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Diving Accident Claims Life of Paramedic

A 26-year-old paramedic from Molokai died in a freediving accident last Saturday on the island’s west end. Steven “Keku” Likua went diving with friends off Kaiaka Rock at about 3 p.m. He was last seen an hour later, approximately 300 yards off shore, wearing a camouflage wet suit with fins, snorkel and mask, according to police. When the other divers emerged, Likua did not, and after searching the area, friends reported him missing. Local emergency responders got the call around 6:20 p.m., and notified the Coast Guard to join efforts.

After an extensive search of the shoreline Saturday night yielded no results, firefighters suspended the search at 9:30 p.m., according to the Maui Fire Department. Weather conditions were reported with winds at 23 mph and seas up to 8 feet.

At first light Sunday, crews began searching again. The Fire Department and Coast Guard, using airplane and helicopters, boats and ground crews, were joined in the search efforts by local residents, friends and family members.

Likua’s body was found by dive crews in the water off Kaiaka Point Sunday morning around 10:30 a.m. Additional details were not available as of Sunday, and police said the cause of his death is pending an autopsy.

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Keku Likua, left, and his dad Lyle on the job in 2012. Photo by Catherine Cluett

In 2012, at age 22, Likua became Maui County’s youngest parademic, joining his dad Lyle — an EMT and paramedic with 30 years’ service — working to help save lives in his community.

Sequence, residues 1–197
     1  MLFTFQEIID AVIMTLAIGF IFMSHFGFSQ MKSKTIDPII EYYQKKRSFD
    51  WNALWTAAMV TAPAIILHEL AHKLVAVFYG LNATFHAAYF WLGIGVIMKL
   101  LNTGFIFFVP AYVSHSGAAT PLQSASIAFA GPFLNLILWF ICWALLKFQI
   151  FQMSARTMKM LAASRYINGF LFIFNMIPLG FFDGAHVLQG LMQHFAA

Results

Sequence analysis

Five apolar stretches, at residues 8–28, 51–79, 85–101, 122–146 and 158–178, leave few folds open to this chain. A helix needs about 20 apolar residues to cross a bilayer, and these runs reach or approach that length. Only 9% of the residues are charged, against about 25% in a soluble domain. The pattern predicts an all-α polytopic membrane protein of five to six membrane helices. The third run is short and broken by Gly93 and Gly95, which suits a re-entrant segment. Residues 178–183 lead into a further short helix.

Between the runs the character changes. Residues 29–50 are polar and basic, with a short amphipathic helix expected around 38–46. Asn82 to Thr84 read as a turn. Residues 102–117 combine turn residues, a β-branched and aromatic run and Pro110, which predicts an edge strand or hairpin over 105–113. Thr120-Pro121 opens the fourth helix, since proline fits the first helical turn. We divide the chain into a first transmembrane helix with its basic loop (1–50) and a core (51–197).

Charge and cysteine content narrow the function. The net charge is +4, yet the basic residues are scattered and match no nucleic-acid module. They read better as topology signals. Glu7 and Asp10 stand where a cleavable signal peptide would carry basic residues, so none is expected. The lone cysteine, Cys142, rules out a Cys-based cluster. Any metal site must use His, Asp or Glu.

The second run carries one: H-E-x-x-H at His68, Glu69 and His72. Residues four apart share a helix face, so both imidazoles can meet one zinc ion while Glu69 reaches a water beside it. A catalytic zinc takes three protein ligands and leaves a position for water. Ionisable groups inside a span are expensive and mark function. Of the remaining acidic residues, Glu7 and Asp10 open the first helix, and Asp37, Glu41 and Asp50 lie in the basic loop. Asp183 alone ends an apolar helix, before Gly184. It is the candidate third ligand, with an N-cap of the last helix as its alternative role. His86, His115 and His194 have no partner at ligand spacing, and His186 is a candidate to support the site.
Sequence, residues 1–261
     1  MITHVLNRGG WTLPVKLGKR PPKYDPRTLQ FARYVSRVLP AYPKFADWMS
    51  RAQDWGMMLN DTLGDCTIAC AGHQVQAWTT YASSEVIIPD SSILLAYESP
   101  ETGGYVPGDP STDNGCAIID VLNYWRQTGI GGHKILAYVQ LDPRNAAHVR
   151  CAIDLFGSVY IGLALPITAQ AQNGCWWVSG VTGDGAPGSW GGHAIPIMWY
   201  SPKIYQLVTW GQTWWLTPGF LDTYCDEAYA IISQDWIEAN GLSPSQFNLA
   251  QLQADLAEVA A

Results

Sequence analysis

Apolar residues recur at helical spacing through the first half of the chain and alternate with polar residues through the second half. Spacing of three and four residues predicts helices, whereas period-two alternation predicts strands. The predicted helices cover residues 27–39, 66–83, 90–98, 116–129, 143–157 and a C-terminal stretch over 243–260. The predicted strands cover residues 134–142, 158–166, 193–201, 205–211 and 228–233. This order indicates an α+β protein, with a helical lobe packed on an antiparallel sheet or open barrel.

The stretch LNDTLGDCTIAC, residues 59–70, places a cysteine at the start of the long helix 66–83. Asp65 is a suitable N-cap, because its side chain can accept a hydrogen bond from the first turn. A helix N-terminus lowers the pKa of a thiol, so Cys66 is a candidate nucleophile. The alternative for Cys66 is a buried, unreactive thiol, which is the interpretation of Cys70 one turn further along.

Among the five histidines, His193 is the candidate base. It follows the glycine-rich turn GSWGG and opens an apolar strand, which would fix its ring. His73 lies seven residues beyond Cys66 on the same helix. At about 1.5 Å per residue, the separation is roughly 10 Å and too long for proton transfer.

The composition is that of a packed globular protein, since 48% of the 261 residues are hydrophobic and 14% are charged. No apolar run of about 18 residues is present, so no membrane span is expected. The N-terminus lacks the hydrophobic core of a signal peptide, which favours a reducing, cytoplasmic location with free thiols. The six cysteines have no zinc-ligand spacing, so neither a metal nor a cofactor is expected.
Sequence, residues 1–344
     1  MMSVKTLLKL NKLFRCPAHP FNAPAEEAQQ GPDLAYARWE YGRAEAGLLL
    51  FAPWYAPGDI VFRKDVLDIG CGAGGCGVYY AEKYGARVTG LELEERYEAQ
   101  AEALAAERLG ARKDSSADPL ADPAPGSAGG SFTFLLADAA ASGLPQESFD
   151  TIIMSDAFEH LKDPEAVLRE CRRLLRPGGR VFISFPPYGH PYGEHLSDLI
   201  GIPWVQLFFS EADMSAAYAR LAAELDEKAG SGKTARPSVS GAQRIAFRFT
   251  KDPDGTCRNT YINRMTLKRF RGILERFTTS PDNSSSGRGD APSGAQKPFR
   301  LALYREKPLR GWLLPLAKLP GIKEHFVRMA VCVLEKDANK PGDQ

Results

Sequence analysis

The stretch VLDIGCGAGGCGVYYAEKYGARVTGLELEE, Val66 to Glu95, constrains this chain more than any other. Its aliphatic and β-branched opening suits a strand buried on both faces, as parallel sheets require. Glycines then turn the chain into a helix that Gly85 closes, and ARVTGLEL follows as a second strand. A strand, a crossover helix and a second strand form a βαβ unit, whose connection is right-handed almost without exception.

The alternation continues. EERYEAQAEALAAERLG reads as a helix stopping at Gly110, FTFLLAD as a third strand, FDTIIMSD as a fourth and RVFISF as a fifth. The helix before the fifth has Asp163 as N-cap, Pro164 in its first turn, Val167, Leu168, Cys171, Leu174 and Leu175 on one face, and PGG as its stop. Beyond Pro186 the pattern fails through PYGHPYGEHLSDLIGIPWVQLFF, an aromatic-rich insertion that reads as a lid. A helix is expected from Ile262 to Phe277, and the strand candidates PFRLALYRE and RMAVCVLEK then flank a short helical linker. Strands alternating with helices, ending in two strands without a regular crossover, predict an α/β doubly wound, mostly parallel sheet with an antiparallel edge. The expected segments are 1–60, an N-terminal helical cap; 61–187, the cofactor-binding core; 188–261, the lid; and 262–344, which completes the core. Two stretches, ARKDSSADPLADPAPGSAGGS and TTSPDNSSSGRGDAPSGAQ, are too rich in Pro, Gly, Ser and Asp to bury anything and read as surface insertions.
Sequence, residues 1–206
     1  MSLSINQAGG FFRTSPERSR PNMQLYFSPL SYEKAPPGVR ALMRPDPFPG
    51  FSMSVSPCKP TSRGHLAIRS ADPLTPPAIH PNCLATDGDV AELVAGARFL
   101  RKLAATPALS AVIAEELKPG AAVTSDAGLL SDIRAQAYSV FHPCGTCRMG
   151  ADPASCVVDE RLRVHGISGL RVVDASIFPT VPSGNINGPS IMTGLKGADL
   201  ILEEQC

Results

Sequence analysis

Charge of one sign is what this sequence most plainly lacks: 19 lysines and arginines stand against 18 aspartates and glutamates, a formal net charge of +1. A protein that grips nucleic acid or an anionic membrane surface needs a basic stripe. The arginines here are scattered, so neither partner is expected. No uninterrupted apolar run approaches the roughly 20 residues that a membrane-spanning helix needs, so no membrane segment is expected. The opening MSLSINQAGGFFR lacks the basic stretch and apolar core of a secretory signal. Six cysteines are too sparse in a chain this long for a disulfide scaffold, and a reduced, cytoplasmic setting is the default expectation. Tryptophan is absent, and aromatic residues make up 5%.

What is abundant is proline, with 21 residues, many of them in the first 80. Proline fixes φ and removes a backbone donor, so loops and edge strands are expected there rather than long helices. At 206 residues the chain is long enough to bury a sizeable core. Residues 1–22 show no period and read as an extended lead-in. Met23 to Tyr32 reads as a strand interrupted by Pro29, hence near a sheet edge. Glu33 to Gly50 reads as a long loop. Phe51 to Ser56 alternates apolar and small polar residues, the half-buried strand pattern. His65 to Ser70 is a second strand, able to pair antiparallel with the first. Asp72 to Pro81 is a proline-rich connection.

Likua graduated from Molokai High School in 2007, and shortly after, began rigorous training and education to pursue a career in emergency medical response. After becoming a licensed EMT, or emergency medical technician, he went on to become a certified paramedic to be qualified to provide more advanced procedures.

Originally stationed in Kahului, his first time filling a shift on Molokai was a proud day for his dad.

“[Many of us] have been here over 30 years, and we’re happy to see upcoming local young adults carry it on,” said Lyle during a 2012 interview.

Likua loved his job, and since then, achieved his goal of coming home to Molokai to serve the community he grew up in.

“I want to come to work every day,” he said in 2012. “Find something you love to do and pursue that goal.”

Friends called Likua an accomplished waterman who dived and surfed frequently. They said they will remember him for his kindness and infectious smile, many describing him as one of nicest people they’ve ever met.

The Maui Fire Department, Coast Guard and hundreds of family and friends have expressed their condolences.

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